LANGUAGE, RACE, AND CULTURE
Although the main concern in this book is with the Spanish- speaking population of New Mexico, it is necessary to describe these people not only in terms of themselves but in relation to other population components. That is, in order to understand this group, the characteristics which set it off from other groups in the state and which make it culturally and socially visible must first be identified.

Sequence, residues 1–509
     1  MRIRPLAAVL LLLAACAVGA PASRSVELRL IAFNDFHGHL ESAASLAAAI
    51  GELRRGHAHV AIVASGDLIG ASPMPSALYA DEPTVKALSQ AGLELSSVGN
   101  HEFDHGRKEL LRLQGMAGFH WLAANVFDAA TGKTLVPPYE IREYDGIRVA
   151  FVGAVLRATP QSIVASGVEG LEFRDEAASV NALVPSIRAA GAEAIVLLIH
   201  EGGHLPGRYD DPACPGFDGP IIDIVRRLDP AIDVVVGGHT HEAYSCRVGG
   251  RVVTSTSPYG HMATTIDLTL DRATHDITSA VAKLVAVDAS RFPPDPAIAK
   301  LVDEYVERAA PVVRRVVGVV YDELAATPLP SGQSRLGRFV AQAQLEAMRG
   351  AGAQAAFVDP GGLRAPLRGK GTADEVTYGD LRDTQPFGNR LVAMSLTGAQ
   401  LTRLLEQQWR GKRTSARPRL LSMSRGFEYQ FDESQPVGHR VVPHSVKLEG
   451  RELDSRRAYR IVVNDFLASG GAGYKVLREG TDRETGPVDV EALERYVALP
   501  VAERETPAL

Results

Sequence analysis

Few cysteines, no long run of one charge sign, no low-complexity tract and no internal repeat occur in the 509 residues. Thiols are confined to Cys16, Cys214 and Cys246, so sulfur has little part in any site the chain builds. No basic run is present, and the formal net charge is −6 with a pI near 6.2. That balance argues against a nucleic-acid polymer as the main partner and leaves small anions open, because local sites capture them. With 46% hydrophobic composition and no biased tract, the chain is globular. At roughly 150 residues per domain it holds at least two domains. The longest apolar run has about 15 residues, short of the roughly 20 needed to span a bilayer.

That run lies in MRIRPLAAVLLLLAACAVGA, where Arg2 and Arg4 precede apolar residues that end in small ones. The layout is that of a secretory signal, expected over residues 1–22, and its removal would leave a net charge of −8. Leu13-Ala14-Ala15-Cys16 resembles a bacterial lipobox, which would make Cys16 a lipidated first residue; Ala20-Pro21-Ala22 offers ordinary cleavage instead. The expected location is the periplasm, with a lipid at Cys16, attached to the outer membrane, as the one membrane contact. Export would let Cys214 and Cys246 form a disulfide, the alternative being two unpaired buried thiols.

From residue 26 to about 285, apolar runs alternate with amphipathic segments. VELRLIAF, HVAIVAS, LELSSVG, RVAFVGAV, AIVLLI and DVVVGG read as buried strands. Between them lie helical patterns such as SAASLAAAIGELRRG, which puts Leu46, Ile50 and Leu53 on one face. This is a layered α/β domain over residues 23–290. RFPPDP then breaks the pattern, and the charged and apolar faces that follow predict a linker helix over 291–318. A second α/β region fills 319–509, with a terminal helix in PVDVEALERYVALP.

The people in this group are sometimes designated as Spanish- speaking, and for the sake of convenience the term has been retained in this study. But it should be noted that while this term not only covers a large variety of linguistic behavioral patterns, it also fails to characterize a large number of Spanish-Americans in New Mexico today who no longer speak Spanish with any fluency. Some of these, in addition to speaking English, have retained a kind of Spanish-English mixture which may be used only for communication with fellow New Mexicans of similar background. Others, speaking perfect English, have completely forsaken the tongue of their ancestors. A few, usually among the more educated intellectual class, have made a point of learning to speak both English and Spanish well, but they are, unfortu-